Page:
Just after the turn of the century, Leo Gestel, Piet Mondriaan and Jan Sluijters were the three most influential modern painters in The Netherlands. They became increasingly dissatisfied with the dominating artistic trend of the time in Dutch art, which was the Impressionism of The Hague School. They desired to depict the essence itself, instead of its most apparent image.
The three painters were the ambassadors of Amsterdam Luminism. Their art was a refreshing turning point for Dutch art. They were stirred by the pure shining of French Impressionism and Post-Impressionism which they came across when visiting Paris in 1904. Of special interest and inspiration also was Vincent van Gogh, whose importance was recognized in the Netherlands in 1903. In 1905, the Stedelijk Museum in Amsterdam was the first to hold a retrospective exhibition of the artist, with no less than 470 works. In 1908, the Amsterdam artists' association, St. Lucas, organized an influential exhibition of contemporary art and the strong and bright colours of Kees van Dongen's paintings had a profound impression on the young artists.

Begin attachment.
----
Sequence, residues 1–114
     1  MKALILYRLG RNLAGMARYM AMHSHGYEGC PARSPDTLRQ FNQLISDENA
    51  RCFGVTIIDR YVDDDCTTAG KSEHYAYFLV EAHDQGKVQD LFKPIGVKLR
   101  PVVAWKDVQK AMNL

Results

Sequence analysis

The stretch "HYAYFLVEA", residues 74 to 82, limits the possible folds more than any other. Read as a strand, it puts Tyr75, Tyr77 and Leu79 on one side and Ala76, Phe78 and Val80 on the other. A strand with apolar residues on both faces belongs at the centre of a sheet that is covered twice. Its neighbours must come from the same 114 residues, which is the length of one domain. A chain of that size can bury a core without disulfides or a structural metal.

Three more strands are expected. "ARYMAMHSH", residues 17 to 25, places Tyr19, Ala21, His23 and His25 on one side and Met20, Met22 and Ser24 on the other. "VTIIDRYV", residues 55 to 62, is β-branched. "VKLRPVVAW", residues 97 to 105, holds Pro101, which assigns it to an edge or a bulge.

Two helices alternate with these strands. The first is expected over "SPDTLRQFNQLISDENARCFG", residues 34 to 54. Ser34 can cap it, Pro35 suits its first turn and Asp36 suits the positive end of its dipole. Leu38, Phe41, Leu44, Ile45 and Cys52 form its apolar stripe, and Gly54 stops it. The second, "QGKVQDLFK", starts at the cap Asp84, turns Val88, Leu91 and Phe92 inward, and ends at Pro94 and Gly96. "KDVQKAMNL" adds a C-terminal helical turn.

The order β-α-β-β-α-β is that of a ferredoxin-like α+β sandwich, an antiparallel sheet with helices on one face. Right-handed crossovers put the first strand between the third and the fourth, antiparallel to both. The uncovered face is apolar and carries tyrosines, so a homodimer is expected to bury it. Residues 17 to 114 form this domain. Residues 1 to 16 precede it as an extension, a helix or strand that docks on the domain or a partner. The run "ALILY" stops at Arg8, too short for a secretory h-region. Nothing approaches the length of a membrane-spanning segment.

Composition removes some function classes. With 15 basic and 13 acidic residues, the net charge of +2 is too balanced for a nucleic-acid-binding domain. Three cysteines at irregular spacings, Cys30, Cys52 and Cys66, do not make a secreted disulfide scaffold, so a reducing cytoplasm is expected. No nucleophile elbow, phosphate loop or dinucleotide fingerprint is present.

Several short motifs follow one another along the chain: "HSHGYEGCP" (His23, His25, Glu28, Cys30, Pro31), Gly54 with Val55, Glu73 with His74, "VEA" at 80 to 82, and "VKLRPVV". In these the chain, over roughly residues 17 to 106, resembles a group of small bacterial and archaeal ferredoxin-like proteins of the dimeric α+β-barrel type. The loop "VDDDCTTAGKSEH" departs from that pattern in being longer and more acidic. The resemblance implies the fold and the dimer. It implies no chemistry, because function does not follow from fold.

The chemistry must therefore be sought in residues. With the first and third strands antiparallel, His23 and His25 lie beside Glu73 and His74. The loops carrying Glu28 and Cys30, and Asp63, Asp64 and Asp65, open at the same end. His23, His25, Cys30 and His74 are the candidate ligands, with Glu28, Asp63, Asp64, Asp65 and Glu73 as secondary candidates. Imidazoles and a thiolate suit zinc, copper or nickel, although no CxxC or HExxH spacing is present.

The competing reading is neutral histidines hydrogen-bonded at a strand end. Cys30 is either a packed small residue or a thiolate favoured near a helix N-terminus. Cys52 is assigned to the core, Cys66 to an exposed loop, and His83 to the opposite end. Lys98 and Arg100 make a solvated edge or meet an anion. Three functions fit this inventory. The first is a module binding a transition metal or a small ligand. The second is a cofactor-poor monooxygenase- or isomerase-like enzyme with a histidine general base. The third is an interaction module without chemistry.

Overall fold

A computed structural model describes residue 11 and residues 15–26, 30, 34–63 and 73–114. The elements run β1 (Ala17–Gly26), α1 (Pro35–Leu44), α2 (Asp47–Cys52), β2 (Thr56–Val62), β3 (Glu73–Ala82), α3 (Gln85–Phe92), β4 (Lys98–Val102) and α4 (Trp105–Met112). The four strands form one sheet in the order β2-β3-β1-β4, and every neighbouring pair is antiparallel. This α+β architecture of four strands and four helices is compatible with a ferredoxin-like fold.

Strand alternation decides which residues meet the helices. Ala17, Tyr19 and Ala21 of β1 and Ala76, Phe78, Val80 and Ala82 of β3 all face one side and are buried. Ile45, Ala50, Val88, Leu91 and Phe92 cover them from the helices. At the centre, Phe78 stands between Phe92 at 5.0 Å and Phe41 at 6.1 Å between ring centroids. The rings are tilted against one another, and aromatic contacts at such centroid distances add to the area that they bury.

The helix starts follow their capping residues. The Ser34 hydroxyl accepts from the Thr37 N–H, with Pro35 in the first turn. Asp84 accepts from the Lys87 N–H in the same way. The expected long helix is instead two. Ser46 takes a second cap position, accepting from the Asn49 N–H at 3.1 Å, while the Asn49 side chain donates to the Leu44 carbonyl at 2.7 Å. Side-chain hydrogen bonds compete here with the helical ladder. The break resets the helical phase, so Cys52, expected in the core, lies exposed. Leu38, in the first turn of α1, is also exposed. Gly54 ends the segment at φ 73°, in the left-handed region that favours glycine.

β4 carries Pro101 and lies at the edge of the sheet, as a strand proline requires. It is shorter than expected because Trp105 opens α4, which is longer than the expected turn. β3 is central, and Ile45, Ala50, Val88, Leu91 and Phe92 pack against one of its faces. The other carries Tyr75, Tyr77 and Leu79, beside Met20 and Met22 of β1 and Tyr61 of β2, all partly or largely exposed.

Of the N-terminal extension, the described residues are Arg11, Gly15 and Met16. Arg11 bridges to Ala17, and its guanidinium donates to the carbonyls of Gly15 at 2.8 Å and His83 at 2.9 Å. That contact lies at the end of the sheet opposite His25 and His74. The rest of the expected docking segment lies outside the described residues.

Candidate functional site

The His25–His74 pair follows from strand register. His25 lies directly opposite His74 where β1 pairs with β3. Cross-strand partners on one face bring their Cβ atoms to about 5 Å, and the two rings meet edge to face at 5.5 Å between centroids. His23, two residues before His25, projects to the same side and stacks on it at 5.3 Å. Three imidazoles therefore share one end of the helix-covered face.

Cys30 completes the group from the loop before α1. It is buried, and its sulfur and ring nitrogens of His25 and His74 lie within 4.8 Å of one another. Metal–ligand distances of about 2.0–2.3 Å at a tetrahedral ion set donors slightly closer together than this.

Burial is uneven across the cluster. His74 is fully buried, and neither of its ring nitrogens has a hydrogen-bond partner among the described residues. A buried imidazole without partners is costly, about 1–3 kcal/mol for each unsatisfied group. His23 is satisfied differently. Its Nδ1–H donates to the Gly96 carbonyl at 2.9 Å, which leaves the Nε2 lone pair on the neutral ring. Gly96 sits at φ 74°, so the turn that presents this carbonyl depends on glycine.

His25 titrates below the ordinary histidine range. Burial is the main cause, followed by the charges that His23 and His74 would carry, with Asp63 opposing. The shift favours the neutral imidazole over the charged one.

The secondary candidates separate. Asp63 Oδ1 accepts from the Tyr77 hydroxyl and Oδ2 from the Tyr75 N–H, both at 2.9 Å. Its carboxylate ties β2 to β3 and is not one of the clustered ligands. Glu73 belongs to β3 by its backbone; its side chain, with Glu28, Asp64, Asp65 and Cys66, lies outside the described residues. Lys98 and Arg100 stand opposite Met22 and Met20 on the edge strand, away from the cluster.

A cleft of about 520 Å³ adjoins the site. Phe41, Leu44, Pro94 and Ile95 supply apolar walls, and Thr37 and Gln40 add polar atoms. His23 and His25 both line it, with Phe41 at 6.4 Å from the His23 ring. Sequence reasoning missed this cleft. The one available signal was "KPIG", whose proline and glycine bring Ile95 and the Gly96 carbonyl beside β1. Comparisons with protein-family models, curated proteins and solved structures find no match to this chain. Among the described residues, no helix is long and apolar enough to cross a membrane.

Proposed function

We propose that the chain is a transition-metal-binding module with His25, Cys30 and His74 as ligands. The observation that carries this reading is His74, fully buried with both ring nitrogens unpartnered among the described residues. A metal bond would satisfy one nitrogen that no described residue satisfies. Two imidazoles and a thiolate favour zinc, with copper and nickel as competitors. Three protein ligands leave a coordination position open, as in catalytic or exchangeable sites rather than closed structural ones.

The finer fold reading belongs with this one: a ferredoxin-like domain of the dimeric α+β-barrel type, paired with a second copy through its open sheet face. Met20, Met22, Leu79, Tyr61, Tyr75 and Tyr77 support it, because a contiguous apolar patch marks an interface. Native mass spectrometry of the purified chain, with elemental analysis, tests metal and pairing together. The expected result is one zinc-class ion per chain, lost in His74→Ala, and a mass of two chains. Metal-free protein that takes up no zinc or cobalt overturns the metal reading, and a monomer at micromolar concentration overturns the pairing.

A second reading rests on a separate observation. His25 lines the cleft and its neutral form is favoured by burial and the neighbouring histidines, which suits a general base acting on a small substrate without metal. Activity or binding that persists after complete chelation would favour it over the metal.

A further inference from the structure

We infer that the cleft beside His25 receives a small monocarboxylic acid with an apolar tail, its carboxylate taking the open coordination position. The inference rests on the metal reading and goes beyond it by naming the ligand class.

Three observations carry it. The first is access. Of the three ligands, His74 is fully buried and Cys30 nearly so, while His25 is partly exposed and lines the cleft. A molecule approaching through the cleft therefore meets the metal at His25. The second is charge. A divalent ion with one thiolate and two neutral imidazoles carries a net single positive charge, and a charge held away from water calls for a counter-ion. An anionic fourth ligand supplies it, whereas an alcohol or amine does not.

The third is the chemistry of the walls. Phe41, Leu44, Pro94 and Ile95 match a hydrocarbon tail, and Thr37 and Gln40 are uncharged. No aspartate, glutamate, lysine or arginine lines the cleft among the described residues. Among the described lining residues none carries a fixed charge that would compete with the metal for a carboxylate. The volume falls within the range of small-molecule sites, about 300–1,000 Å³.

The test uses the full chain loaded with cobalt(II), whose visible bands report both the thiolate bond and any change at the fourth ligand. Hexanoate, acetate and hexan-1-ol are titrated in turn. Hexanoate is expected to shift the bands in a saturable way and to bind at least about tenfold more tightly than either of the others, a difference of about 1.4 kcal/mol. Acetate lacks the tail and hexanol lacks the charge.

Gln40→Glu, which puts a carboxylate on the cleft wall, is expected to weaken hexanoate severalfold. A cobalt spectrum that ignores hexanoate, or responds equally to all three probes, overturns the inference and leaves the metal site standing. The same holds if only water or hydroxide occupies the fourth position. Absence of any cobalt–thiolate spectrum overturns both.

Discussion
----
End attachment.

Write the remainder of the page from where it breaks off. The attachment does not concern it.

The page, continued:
It took Gestel some time to master his new way of expressing with bright touches of colours. He needed to develop and fully understand the new techniques. As soon as he had, he would look forward and started searching for new ways to express himself. He possessed a fear that if he would continue in this now familiar manner, he would not grow and develop as an artist, a cycle that he would repeat his whole life.
From 1912, Gestel painted a series of flower still lifes. In these paintings he drew towards abstraction, but never wished to reach total abstraction. In a letter to his friend Jan Slagter he wrote: 'If you can achieve in art a translation of the modern art concept, while preserving its meaning for the future and keeping it understandable for the conservatives, you've done a useful job' (L. Gestel, quoted in M. van Noort (ed.), Leo Gestel in Bergen, Zwolle 2002, p. 31).
Taking inspiration from the 1912 international futurist exhibition in the Kunstzaal Roos in Amsterdam, featuring Gino Severini, Gestel found a personal and unique interpretation of cubist Futurism from 1913.
In the present lot, Gestel is clearly inspired by the formal-abstract side of Futurism. Bloemstilleven displays bristling colours that move towards all directions. The present lot might be one of the most 'abstract' flower pieces Gestel made. Gestel's flower still lifes are regarded as the Dutch version of Futurism, which generated a lot of attention with grand exhibitions, especially in 1912 and 1913.
Generally his work was regarded as very important to Dutch modern art. The critic, N. Wolf, said in 1913: 'Gestel is one of the most important artists of the Amsterdam painters. He is among the most individual artists in our country.' A fellow avant-garde painter, Erich Wichmann, commented: 'Gestel's works of 1913, foremost the flower still lifes, were the surprise of the 1913 exhibition of the Stedelijk [Museum Amsterdam].'